class ViewController: UIViewController {
    
    @IBOutlet var cardLabel: UILabel
    
    let cards: Array<Card> = [
        Card(front: "τόξον, τό", back: "bow"),
        Card(front: "μνηστήρ, ὁ", back: "suitor"),
        Card(front: "κλίμαξ, ἡ", back: "ladder")
    ]
    
    var currentCard = 0
var showFront = true
    
    override func viewDidLoad() {
        super.viewDidLoad()
        
        showCard()
    }
    @IBAction func nextTapped(sender: AnyObject) {
        self.currentCard++
        showCard()
    }
    
    @IBAction func flipCardTapped(sender: AnyObject) {
if (self.showFront) {
            self.showFront = false
        }
        else {
            self.showFront = true
        }
        showCard()
    }
    
    func showCard() {
if (self.showFront) {
            self.cardLabel.text = self.cards[self.currentCard].front
        }
        else {
            self.cardLabel.text = self.cards[self.currentCard].back
        }
    }
}

And now we can move through the list, showing cards along the way and flip them from front to back.

And Usually You Miss Things

We took the time to break down the idea of our app but you never remember to do everything the first time. If you run the app as-is, you will notice a couple things that seem wrong. And we’re also missing a back button, which would be nice since we might want to look at the previous card. Let’s start with the back button then discuss and fix the bugs.

Implementing the back button is a piece of cake as it’s the reverse of the next button. So we’ll add a button to the storyboard, hook it up as an action called backTapped. Here’s our new view controller.


class ViewController: UIViewController {
    
    @IBOutlet var cardLabel: UILabel
    
    let cards: Array<Card> = [
        Card(front: "τόξον, τό", back: "bow"),
        Card(front: "μνηστήρ, ὁ", back: "suitor"),
        Card(front: "κλίμαξ, ἡ", back: "ladder")
    ]
    
    var currentCard = 0
    var showFront = true
    
    override func viewDidLoad() {
        super.viewDidLoad()
        
        showCard()
    }
    @IBAction func nextTapped(sender: AnyObject) {
        self.currentCard++
        showCard()
    }
@IBAction func backTapped(sender: AnyObject) {
        self.currentCard--
        showCard()
    }
    
    @IBAction func flipCardTapped(sender: AnyObject) {
        if (self.showFront) {
            self.showFront = false
        }
        else {
            self.showFront = true
        }
        showCard()
    }
    
    func showCard() {
        if (self.showFront) {
            self.cardLabel.text = self.cards[self.currentCard].front
        }
        else {
            self.cardLabel.text = self.cards[self.currentCard].back
        }
    }
}

And now the bugs. The first bug happens if you hit Next more than three times or if you hit back from the beginning of the list of cards. In both cases, you get an error caused by trying to access the array using an invalid index, which we represent with our currentCard property. Since the array has three elements, currentCard can be one of three values: 0, 1, and 2. If we hit back from the beginning, currentCard is -1 and we get an error that says “fatal error: Negative Array index is out of range”. If we hit next at the end, currentCard is 3 and we get an error that says “fatal error: Array index out of range”. And in both cases our app totally crashes. Let’s do the simplest solution, which is to make sure the numbers never move outside the bounds of our array and nothing else. For the -1 case, we can change the backTapped function to never allow a value less than zero. For the case of 3, we will be prescient and realize that hard-coding a check for a value of 3 is stupid and we should just check the count of cards in the array.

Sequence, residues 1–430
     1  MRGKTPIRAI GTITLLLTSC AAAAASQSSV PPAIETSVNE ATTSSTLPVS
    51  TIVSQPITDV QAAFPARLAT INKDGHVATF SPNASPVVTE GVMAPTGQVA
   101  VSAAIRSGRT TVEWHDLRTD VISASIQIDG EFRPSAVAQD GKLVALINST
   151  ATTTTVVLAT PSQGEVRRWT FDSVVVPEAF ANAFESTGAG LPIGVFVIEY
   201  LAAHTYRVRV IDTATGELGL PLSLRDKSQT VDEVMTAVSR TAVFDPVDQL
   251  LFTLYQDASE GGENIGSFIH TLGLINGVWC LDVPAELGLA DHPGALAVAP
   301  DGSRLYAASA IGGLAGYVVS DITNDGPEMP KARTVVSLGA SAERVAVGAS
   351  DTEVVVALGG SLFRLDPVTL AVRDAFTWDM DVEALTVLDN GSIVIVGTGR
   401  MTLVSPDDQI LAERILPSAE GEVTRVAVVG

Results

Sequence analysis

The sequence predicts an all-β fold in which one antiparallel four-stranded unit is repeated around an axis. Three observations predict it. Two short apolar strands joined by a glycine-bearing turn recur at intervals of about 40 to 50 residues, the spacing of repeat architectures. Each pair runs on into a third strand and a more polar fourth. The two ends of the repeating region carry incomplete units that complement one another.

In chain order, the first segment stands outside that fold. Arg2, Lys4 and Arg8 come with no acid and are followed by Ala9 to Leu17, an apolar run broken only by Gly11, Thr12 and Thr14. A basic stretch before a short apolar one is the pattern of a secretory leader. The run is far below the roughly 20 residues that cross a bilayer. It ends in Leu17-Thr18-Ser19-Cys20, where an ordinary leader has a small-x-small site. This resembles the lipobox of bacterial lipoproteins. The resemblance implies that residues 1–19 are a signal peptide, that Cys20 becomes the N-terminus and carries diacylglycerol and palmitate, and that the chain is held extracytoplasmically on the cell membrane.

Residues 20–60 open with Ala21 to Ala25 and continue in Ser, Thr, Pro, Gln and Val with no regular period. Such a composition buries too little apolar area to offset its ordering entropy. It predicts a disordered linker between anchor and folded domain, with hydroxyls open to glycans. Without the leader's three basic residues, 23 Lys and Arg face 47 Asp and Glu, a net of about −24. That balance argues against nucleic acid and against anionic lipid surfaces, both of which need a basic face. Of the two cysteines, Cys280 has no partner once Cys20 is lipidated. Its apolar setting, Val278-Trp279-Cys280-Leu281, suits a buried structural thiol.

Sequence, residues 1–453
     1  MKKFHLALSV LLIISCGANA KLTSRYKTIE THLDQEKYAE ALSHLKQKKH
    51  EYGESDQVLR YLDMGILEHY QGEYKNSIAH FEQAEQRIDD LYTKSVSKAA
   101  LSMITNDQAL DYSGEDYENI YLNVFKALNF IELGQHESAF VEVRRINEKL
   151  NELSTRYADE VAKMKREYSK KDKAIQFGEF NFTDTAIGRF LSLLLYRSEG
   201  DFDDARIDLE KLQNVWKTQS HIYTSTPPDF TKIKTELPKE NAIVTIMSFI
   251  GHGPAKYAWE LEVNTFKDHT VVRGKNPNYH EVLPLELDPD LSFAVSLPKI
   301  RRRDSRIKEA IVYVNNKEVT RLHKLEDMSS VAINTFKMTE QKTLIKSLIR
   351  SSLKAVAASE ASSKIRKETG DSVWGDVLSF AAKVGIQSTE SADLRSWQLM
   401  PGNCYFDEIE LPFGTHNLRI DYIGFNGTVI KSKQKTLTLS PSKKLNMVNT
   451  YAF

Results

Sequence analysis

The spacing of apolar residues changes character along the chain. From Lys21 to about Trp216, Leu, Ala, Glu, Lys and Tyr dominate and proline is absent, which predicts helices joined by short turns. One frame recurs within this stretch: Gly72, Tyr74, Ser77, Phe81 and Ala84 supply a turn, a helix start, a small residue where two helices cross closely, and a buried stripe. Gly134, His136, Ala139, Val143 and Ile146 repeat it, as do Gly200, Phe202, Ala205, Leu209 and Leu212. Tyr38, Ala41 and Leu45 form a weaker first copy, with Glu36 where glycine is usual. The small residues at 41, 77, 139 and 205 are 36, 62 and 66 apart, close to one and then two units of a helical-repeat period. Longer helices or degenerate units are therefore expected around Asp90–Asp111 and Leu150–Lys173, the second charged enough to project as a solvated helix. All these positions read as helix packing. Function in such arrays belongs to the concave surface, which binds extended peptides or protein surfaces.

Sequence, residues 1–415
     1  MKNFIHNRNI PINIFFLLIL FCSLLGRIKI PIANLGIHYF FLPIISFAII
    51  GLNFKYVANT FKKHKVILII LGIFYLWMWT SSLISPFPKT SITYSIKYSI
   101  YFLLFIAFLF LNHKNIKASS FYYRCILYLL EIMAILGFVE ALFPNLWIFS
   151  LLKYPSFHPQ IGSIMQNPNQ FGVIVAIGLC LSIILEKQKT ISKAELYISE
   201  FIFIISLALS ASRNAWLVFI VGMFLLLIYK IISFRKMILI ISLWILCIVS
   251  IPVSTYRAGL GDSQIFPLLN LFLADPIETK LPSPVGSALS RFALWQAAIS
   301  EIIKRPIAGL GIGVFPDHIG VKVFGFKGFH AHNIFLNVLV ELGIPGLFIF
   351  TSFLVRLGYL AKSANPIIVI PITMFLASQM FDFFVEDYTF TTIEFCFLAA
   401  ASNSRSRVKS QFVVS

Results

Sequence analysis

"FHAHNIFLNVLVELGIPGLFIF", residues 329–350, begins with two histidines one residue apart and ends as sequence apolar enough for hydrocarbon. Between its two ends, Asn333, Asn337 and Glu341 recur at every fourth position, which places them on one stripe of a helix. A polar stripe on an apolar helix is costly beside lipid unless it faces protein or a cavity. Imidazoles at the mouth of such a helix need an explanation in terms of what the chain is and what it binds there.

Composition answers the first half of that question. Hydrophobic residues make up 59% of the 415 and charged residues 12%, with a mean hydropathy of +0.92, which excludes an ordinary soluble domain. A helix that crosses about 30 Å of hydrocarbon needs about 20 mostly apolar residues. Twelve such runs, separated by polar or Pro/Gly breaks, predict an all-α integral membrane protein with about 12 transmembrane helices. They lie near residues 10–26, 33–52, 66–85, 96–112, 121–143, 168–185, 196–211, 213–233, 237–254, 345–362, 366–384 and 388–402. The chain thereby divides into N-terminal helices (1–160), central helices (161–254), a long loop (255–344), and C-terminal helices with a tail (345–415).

class ViewController: UIViewController {
    
    @IBOutlet var cardLabel: UILabel
    
    let cards: Array<Card> = [
        Card(front: "τόξον, τό", back: "bow"),
        Card(front: "μνηστήρ, ὁ", back: "suitor"),
        Card(front: "κλίμαξ, ἡ", back: "ladder")
    ]
    
    var currentCard = 0
    var showFront = true
    
    override func viewDidLoad() {
        super.viewDidLoad()
        
        showCard()
    }
    @IBAction func nextTapped(sender: AnyObject) {
        self.currentCard++
if (self.currentCard >= self.cards.count) {
            self.currentCard = self.cards.count - 1
        }
                
        showCard()
    }
    
    @IBAction func backTapped(sender: AnyObject) {
        self.currentCard--
if (self.currentCard < 0) {
            self.currentCard = 0
        }
        
        showCard()
    }
    
    @IBAction func flipCardTapped(sender: AnyObject) {
        if (self.showFront) {
            self.showFront = false
        }
        else {